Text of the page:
A Few Drops of Blood by Jan Merete Weiss — review

Venice has Donna Leon and her Commissario Guido Brunetti, and now Naples has Jan Merete Weiss and her Captain Natalia Monte of the Carabinieri. The author brings fully to life the historic beauty of the city, as well as its rampant poverty and nearly total control by the Napolitan version of the American mafia and its Gotti crime family: the clans of the Camorra, in particular the Scavullo family.

One of two personal problems Natalia is dealing with, or not, arises from the fact that her closest childhood friends, two women with whom she still has ties, were and each still is a cammorista. One of two things prohibited by the Carabinieri, the other being that she has become romantically involved with her partner, now taking a leave of absence. She has now been assigned a new partner, a rookie just transferred from Palermo, where she was their first Sicilian female officer.

In the opening pages, Natalia is assigned a murder case: The naked bodies of two young men have been discovered in a gruesome pose atop an enormous sculptured horse in a magnificent garden of the elderly Contessa Antonella Maria Cavazza. The men, identified as a gossip columnist and a senior curator at the Museo Archeologico, had been shot to death, the small gauge shotgun being “the traditional execution weapon of the rural mafia, a stubby weapon for hunting small game and two-legged mammals.” It soon becomes apparent that the men had been lovers. The investigation leads to many suspects, and a variety of possible motives.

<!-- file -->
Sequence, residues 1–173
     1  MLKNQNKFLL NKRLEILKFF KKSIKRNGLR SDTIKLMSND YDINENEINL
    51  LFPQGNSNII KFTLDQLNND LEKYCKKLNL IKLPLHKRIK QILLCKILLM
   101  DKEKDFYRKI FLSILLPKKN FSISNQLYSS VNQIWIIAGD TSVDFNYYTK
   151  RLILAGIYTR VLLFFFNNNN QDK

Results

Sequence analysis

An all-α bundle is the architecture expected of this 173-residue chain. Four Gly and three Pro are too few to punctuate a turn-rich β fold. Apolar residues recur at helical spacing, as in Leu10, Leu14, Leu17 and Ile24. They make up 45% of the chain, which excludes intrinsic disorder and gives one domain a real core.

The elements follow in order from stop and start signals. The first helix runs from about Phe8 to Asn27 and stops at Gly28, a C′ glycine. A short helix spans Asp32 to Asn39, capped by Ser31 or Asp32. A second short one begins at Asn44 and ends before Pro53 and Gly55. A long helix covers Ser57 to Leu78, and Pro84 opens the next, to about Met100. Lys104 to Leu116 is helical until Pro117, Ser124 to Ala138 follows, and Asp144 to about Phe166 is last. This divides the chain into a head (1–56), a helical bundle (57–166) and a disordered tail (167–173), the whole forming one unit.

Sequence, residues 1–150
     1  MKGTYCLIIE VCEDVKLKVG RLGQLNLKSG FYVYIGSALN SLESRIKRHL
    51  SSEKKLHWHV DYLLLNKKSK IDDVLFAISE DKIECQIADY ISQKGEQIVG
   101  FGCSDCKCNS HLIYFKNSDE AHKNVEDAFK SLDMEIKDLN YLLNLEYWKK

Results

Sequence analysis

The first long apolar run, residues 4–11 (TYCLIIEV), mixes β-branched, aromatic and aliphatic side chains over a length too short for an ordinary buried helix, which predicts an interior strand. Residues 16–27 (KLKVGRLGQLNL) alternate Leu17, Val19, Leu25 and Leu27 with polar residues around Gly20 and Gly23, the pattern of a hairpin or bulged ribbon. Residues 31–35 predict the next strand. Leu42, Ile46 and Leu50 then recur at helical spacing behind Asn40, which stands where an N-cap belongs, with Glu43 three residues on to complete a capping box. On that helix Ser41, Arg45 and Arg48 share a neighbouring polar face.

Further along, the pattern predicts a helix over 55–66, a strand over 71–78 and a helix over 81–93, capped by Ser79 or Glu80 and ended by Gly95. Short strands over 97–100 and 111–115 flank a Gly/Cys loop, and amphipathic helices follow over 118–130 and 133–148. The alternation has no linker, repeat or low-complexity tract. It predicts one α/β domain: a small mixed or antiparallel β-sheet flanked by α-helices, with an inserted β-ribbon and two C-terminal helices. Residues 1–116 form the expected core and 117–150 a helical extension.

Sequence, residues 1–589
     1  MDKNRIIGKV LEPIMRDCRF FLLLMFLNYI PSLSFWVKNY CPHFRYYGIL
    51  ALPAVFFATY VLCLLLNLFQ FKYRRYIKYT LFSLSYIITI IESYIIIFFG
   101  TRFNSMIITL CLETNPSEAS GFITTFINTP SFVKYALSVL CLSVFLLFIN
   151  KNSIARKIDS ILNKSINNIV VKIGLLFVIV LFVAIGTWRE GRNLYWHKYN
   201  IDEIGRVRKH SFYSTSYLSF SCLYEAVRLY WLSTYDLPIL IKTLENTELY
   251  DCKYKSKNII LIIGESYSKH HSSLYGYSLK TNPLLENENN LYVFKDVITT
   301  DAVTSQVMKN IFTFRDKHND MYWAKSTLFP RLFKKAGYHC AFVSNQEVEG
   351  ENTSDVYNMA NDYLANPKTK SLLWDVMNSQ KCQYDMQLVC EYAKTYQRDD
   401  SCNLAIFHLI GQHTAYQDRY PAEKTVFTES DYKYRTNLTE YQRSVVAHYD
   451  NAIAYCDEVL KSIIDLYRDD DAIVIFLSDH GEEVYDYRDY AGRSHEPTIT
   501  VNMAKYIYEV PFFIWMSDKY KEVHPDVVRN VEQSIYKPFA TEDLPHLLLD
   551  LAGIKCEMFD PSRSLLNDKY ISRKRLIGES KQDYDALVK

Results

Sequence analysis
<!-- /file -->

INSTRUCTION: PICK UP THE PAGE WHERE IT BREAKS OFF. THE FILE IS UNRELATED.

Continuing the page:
This is the second novel to feature Capt. Monte, who had been promoted from the art squad to major crime investigation, with a degree in law from the officers’ school in Rome, whose career had been bright before being compromised by her choice of companions. Her former partner comes back into her life, jeopardizing both of them. She was after all his superior. Now nearing forty, she longs for a ‘normal’ private life. But as the body count rises, that must be her priority.

A beautifully written novel, including glimpses into the history of the area during and after the war and a solid murder mystery at its core, it is recommended.

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